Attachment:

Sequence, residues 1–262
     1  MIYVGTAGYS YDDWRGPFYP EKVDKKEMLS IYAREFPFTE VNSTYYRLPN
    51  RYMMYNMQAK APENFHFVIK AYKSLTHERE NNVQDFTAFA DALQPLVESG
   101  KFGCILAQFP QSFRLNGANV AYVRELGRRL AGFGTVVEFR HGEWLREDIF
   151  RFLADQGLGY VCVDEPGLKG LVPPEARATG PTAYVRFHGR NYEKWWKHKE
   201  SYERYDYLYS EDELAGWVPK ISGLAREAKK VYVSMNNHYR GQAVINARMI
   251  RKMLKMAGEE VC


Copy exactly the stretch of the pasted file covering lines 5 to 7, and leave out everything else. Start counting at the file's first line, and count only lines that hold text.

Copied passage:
   151  RFLADQGLGY VCVDEPGLKG LVPPEARATG PTAYVRFHGR NYEKWWKHKE
   201  SYERYDYLYS EDELAGWVPK ISGLAREAKK VYVSMNNHYR GQAVINARMI
   251  RKMLKMAGEE VC